Special Marriage Act 1954
The Special Marriage Act, 1954 is an Act of the Parliament of India enacted to provide a special form of marriage for the people of India.
All Indian nationals in foreign countries, irrespective of the religion or faith followed by either party.
The Act originated from a piece of legislation proposed during the late 19th century.
In 1872 Act III, 1872 was enacted but later it was found inadequate for certain desired reforms, and Parliament enacted a new legislation.
Henry Sumner Maine first introduced Act III of 1872, which would permit any dissenters to marry whomever they chose under a new civil marriage law.
In the final wording, the law sought to legitimize marriages for those willing to renounce their profession of faith altogether (“I do not profess the Hindu, Christian, Jewish, etc. religion”).
It can apply in inter-caste and inter-religion marriages.
Overall, the response from local governments and administrators was that they were unanimously opposed to Maine’s Bill and believed the legislation encouraged marriages based on lust, which would inevitably lead to immorality.
The Special Marriage Act, 1954 replaced the old Act III, 1872. The new enactment has 3 major objectives:
- To provide a special form of marriage in certain cases
- to provide for registration of certain marriages and
- to provide for divorced
- Any person, irrespective of religion.
- Hindus, Muslims, Buddhists, Jains, Sikhs, Christians, Parsis, or Jews can also perform marriage under the Special Marriage Act, 1954.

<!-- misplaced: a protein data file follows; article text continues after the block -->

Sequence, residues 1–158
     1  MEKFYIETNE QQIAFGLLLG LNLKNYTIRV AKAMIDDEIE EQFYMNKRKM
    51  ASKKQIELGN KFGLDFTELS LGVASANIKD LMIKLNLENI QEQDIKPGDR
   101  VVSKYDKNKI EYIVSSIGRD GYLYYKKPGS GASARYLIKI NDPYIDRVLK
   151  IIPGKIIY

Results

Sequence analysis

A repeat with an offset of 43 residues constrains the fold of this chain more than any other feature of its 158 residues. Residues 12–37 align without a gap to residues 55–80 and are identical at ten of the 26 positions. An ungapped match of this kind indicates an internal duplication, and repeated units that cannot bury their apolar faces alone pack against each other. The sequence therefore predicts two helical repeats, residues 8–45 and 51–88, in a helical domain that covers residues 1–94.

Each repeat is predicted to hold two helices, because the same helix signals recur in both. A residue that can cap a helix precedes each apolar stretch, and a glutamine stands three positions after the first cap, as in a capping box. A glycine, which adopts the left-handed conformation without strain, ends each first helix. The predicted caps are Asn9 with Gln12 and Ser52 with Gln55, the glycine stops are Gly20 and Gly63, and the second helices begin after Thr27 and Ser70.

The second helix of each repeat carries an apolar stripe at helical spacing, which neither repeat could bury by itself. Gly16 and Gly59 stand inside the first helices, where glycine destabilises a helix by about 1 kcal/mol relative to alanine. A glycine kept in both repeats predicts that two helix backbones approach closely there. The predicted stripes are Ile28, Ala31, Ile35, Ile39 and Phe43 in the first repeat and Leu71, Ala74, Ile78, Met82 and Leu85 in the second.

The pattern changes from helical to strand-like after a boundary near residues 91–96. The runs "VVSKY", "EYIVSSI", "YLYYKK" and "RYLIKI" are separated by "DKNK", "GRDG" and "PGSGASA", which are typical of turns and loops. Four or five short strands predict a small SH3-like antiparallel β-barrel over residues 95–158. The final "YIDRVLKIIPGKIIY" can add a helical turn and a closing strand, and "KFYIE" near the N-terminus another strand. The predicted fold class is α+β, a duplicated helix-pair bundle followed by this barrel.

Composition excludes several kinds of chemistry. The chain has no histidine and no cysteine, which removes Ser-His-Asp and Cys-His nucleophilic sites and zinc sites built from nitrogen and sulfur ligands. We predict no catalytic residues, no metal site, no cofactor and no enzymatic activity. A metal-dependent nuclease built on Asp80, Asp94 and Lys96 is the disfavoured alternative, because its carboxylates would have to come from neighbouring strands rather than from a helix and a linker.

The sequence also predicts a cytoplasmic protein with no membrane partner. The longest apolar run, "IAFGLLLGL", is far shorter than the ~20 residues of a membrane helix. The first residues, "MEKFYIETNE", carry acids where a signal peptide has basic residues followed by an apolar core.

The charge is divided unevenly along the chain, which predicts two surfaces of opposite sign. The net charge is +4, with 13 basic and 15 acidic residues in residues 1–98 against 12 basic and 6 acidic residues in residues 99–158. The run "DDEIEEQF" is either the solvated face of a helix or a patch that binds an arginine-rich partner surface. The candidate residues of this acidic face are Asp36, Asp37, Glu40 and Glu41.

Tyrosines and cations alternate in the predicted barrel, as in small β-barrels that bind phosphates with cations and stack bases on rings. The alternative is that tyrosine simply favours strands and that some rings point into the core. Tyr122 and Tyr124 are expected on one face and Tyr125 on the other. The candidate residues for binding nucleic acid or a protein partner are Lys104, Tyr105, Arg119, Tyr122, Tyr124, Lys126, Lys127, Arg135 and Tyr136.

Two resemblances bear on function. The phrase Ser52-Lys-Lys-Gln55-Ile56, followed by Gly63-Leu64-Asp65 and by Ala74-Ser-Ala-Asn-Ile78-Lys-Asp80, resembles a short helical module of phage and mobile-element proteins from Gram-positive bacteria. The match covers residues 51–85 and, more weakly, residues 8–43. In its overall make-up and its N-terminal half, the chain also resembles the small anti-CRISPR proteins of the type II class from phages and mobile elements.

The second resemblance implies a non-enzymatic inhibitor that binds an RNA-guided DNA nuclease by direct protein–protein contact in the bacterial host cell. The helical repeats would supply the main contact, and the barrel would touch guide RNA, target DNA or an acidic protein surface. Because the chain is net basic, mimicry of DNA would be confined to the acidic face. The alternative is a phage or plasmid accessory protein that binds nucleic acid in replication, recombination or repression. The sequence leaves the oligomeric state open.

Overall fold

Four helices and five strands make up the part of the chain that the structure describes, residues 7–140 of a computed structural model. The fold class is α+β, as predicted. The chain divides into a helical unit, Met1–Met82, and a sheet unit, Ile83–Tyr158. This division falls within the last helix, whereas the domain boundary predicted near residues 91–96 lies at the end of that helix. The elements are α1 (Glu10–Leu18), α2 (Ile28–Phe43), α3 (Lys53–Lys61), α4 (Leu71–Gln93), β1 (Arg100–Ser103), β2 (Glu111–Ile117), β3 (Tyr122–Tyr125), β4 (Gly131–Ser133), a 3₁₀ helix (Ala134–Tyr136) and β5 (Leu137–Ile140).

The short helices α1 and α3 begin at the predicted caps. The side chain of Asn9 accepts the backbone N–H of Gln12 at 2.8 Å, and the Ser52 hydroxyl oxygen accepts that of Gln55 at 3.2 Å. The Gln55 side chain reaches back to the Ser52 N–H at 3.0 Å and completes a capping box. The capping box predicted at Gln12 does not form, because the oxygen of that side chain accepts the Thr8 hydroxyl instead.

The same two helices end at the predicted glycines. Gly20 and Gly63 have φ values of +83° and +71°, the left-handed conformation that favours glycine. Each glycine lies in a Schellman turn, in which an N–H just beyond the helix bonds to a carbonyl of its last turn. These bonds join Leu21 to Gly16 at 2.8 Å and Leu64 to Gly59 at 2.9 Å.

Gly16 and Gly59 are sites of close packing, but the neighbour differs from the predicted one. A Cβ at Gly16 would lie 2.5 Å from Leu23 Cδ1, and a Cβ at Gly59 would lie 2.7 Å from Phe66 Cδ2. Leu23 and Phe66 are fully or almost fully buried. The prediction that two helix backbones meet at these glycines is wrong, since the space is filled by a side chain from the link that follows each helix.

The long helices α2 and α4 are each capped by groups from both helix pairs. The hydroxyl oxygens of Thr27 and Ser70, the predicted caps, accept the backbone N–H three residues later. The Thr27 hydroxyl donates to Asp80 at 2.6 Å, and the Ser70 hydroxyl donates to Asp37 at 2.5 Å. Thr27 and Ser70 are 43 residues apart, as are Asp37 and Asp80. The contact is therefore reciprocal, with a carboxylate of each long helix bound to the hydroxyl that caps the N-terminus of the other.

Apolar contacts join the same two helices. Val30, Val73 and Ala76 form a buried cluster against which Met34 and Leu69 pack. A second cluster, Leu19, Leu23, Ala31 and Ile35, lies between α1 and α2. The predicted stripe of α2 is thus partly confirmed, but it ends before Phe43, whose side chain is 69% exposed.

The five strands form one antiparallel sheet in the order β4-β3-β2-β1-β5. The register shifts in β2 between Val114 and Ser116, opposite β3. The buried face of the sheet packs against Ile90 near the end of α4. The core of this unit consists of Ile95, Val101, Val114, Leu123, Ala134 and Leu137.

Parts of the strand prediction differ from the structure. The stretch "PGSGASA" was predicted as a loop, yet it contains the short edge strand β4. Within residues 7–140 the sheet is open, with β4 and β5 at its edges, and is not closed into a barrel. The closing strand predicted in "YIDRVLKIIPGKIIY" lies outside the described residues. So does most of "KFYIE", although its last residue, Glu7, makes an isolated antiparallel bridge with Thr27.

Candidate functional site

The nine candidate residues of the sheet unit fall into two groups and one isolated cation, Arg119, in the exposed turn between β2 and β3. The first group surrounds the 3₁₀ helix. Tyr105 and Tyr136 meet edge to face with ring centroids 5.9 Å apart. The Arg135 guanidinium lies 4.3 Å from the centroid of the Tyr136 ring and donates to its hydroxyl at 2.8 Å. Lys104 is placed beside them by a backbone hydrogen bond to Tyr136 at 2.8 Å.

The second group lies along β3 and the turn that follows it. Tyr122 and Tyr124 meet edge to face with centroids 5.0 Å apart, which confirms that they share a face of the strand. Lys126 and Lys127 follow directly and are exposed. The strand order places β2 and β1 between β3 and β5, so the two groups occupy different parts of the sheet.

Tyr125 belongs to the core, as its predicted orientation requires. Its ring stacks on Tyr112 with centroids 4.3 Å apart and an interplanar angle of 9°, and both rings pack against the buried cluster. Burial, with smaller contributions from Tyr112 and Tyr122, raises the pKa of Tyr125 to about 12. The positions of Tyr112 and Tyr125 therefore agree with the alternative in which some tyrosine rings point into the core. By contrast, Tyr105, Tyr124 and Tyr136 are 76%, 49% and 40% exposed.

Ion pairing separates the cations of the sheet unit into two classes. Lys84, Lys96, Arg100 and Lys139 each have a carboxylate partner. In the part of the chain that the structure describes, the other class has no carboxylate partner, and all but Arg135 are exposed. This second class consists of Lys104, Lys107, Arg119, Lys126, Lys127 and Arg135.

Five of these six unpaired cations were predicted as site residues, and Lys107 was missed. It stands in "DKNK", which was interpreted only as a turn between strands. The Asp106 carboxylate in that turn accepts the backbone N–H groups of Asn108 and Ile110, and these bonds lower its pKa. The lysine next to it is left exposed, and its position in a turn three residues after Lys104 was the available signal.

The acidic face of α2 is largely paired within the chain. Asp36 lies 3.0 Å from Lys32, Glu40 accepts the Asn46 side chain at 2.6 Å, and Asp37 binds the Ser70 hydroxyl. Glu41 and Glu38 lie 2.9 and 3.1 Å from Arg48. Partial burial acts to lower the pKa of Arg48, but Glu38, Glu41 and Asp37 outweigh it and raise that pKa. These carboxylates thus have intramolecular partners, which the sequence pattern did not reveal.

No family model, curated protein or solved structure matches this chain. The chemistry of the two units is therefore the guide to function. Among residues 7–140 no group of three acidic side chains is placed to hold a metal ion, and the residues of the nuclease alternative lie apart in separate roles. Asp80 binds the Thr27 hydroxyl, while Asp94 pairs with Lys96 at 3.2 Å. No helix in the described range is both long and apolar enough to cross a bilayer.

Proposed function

- Inter-caste marriages are performed under this Act.
- This Act is applicable to the entire territory of India (excluding the state of Jammu and Kashmir) and extends to intending spouses who are both Indian nationals living abroad.
- The marriage performed under the Special Marriage Act, 1954 is a civil contract and accordingly, there need be no rites or ceremonial requirements
- The parties have to file a Notice of Intended Marriage in the specified form to the Marriage Registrar of the district in which at least one of the parties to the marriage has resided for a period of not less than thirty days immediately preceding the date on which such notice is given
- After the expiration of thirty days from the date on which notice of an intended marriage has been published, the marriage may be solemnised, unless it has been objected to by any person.
- The marriage may be solemnised at the specified Marriage Office
- Marriage is not binding on the parties unless each party states “I, (A), take thee (B), to be my lawful wife (or husband),” in the presence of the Marriage Officer and three witnesses.
Conditions for marriage
- Each party involved should have no other subsisting valid marriage. In other words, the resulting marriage should be monogamous for both parties.
- The bridegroom must be at least 21 years old; the bride must be at least 18 years old
- The parties should be competent in regards to their mental capacity to the extent that they are able to give valid consent for the marriage.
- The parties should not fall within the degree of prohibited relationship.
The Firm is an absolute amalgamation of moral values and ethics and work with absolute honesty and devotion. We provide unbiased guidance and solicitation to our clients.